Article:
I was nine years old in December 1989 and I remember quite well the longest show I’ve ever seen transmitted on tv, The Live Romanian Revolution … one of the main actors, Mircea Dinescu … someone said to Dinescu that if he had died at the Revolution, his statue would have been raised in the Bucharest’s centre … this is true, his voice was very important back then.
There was also a line, in the old Romanian style I might say, that become history: “Mircea, fa-te ca lucrezi!” (“Mircea, pretend you’re working!”) said by Ion Caramitru referring to the writing of the revolutionary proclamation.
Mircea Dinescu was a living legend and this was the way I saw him in the summer of 1990 when “Moartea citeste ziarul” (“Death is reading the newspaper”), the volume prohibited for publication in 1988, appeared in the library from my neighborhood. I used to visit it frequently attracted by books and when I saw Dinescu’s book, black with white writing, thin, with a really strange title … I don’t know what makes your brain to keep some memories and forget the others … very, very hot … all the street were empty … I ran back to my house to tell my mother about my extraordinary finding … I asked her to buy like ten of them … I returned desperate that somehow the book can disappear in 10 minutes, bought by the invisible people from the street … I bought five books and then returned home … again, no one on the street at three o’clock in that incredibly hot summer day.
At home, I don’t know if I admitted that to myself, but I remember I couldn’t really understand at almost ten years old how somebody could write such a little book and still be considered big, how a poet who wrote without traditional rhyme could receive prizes for his talent or why for something like “ei n-aveau limba de carpa” („they had no tongue of cloth”), „imaginatia nu costa nimic” („the imagination cost nothing”), „istoria … parca a uitat sa se mai nasca” („it look like history forgot to be born”) you were prohibited to publish.
As gravity, it was definitely less harsh than I expected, but this was the tragedy, you couldn’t in fact say anything else than the Party said – everything that was already written. Nowadays, we do have some kind of freedom, but in my old neighborhood there is no library now and the son of a metal worker cannot buy twenty-five books at once as Mircea Dinescu could in the days of communism.
I can say that after the Revolution Mircea Dinescu has a succesful live, although many consistently criticised him for not being … like they expected. He started three journals of political satire: „Academia Catavencu” („Catavencu Academy”), „Plai cu boi” („Land of the Dumb”), „Aspirina saracului” („The Poor’s Man Aspirin”) and with Cristian Tudor Popescu the newspaper „Gandul” („The Thought”). He has a political talk show, with Stelian Tanase („Dinescu si Tanase”). And he also started … yes, agriculture … in The Dinescu’s Cultural Harbor Cetate … there you can find a yearly Musical Camp, a Poetry Camp, a Film Festival, a Gastronomic Art Festival, … he now has his own brand of wine from Cetate, „Vinul mosierului” („Landowner’s wine”), named after a remark of him made by the former president Ion Iliescu.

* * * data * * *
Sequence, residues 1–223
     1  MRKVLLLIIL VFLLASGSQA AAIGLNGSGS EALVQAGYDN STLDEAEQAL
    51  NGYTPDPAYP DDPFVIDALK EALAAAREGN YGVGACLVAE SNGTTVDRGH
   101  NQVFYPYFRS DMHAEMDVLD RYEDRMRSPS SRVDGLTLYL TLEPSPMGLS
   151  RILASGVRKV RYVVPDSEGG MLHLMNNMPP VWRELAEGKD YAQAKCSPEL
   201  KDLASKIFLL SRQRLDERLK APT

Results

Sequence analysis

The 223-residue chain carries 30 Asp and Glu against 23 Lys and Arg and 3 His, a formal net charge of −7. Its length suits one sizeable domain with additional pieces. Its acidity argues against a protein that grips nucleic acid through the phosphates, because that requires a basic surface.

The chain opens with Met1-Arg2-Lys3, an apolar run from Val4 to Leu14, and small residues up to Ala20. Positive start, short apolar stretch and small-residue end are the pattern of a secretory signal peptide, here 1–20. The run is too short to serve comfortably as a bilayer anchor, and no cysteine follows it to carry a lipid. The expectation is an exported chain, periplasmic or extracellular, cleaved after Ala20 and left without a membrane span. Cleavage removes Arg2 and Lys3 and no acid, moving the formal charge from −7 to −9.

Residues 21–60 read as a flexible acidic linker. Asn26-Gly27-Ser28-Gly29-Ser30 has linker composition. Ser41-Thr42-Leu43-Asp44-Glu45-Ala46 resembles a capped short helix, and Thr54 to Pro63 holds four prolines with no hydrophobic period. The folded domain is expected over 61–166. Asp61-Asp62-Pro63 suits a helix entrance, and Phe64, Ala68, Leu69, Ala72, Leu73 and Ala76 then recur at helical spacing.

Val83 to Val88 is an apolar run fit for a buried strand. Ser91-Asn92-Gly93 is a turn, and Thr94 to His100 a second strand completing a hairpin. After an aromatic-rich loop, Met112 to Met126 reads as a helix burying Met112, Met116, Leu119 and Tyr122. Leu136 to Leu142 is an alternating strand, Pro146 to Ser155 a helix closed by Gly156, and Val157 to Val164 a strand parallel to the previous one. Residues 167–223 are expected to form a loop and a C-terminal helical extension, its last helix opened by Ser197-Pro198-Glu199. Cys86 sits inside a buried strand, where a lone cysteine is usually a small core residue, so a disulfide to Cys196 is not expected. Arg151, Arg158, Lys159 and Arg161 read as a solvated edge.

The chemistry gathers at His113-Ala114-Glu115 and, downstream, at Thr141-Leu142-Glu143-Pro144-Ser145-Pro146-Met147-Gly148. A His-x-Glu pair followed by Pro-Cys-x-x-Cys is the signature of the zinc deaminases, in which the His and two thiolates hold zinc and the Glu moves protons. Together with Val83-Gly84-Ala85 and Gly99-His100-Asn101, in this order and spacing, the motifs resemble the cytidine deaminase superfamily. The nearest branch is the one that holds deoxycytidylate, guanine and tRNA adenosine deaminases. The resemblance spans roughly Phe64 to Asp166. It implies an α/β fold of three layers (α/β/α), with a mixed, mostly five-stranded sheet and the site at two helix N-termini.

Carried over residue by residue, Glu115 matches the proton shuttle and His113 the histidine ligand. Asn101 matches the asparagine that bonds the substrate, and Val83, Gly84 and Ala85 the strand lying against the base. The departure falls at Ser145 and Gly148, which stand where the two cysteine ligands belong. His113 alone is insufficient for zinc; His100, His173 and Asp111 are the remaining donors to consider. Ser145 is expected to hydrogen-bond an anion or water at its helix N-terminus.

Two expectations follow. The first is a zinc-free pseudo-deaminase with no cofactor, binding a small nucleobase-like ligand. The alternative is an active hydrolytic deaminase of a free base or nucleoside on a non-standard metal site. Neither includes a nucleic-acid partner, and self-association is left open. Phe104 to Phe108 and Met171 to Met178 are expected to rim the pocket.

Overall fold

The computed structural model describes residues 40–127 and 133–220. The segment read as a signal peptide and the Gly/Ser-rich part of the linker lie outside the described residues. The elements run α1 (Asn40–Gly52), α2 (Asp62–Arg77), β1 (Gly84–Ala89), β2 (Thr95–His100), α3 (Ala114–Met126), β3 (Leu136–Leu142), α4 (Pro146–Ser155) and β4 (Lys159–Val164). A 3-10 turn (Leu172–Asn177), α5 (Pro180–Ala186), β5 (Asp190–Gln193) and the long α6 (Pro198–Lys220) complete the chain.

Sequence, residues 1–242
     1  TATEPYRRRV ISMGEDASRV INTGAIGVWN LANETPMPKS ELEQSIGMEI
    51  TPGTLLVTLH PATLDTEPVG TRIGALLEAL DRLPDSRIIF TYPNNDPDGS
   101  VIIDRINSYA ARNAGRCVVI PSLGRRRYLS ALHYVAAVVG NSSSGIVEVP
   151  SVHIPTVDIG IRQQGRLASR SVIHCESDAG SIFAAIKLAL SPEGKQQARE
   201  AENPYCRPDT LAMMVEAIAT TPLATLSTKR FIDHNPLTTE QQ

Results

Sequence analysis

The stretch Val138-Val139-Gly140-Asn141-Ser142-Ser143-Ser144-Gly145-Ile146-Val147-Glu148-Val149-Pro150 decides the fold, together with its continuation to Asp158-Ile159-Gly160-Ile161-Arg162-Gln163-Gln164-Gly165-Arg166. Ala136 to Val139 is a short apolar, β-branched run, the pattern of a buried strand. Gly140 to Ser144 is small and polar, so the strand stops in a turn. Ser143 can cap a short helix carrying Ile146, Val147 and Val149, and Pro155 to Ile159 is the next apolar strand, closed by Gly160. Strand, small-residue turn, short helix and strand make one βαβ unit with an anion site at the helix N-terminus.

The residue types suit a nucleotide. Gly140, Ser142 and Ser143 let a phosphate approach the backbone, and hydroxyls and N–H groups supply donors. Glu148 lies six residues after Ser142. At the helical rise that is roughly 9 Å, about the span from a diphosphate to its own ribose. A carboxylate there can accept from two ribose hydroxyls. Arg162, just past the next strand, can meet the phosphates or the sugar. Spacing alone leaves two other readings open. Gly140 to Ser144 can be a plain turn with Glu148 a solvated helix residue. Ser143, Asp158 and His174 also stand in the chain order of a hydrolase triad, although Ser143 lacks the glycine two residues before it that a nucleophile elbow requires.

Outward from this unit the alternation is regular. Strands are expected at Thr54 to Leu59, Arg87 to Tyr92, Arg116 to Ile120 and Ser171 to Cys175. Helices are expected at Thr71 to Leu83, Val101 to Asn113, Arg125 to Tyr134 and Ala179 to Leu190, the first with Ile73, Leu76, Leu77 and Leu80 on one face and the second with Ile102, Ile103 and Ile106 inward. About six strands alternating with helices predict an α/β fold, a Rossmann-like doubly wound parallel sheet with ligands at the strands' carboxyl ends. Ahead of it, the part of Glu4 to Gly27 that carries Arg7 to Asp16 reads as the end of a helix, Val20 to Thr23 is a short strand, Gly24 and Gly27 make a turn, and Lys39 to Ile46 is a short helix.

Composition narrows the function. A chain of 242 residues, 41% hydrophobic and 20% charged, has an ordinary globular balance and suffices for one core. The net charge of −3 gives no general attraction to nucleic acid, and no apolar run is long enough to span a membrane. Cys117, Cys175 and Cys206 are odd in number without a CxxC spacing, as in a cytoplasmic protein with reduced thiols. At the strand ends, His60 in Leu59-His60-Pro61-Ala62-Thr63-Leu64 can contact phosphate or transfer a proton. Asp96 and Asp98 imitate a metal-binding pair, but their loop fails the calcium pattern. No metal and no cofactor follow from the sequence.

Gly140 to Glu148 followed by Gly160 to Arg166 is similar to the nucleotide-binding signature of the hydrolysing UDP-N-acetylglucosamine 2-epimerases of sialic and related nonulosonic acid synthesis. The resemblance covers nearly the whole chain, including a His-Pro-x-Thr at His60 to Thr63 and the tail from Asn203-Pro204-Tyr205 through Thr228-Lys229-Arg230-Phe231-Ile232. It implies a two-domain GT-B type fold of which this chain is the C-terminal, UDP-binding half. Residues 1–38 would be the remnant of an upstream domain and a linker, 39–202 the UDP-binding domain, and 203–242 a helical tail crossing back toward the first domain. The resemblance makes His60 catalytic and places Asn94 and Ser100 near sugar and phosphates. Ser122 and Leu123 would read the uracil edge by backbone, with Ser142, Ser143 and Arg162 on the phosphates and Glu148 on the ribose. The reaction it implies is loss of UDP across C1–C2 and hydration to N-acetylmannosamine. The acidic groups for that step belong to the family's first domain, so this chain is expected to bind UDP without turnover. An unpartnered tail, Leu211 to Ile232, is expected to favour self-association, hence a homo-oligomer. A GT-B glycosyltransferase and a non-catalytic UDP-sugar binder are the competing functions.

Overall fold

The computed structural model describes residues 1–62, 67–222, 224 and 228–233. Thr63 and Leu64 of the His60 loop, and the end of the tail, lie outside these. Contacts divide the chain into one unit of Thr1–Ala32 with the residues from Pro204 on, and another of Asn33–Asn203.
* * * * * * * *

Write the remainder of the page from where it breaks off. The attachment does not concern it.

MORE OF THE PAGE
About poetry … he recently published a book of love poetry, „Femei din secolul trecut” („The women from the past century”) that can be bought together with a disk, the same poems sang, of corse, by himself.
I guess that a foreigner can’t understand Mircea Dinescu, he is very … Romanian, he is just like the Romanians. I hope this to be true, I hope that there are still Romanians who can fight for their ideas.
I have to return now to the beginning of the story. After an interview in the French newspaper Liberation in which he criticised the political regime, Mircea Dinescu was under house arrest in 1989. Following the visit of Gorbaciov in Bucharest, the communist policy was afraid that with this occasion Dinescu might be interviewed by foreign journalists. That is why he was proposed initially to move from Bucharest in Tecuci as librarian and then he was offered passports for him, his wife and children for France. And he refused because he didn’t want to compromise his ideas. He reminded and reported everything after not only that he wasn’t allowed to speak at an election rally of president Traian Basescu (which in fact he supported in the first term) but he was also invited to move his harbor from Cetate to Bulgaria, on the other shore of Danube.
What president does Dinescu want for Romania? Go in the dark at the Athenaeum and choose someone from there, so maybe you could find a man with „common sense, courtesy, kindness, his presence to give you a peaceful mind”. So I guess Mircea Dinescu won’t stop criticising the political system too soon.